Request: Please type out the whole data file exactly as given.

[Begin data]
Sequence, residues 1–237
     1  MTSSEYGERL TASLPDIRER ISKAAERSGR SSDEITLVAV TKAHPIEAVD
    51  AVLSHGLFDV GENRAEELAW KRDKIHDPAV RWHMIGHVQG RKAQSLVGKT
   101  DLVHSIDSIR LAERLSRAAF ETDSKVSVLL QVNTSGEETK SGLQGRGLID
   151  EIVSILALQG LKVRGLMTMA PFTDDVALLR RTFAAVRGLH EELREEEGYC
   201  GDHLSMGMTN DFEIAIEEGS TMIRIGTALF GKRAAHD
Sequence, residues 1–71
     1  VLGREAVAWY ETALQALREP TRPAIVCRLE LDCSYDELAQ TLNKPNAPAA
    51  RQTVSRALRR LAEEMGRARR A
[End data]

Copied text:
Sequence, residues 1–237
     1  MTSSEYGERL TASLPDIRER ISKAAERSGR SSDEITLVAV TKAHPIEAVD
    51  AVLSHGLFDV GENRAEELAW KRDKIHDPAV RWHMIGHVQG RKAQSLVGKT
   101  DLVHSIDSIR LAERLSRAAF ETDSKVSVLL QVNTSGEETK SGLQGRGLID
   151  EIVSILALQG LKVRGLMTMA PFTDDVALLR RTFAAVRGLH EELREEEGYC
   201  GDHLSMGMTN DFEIAIEEGS TMIRIGTALF GKRAAHD
Sequence, residues 1–71
     1  VLGREAVAWY ETALQALREP TRPAIVCRLE LDCSYDELAQ TLNKPNAPAA
    51  RQTVSRALRR LAEEMGRARR A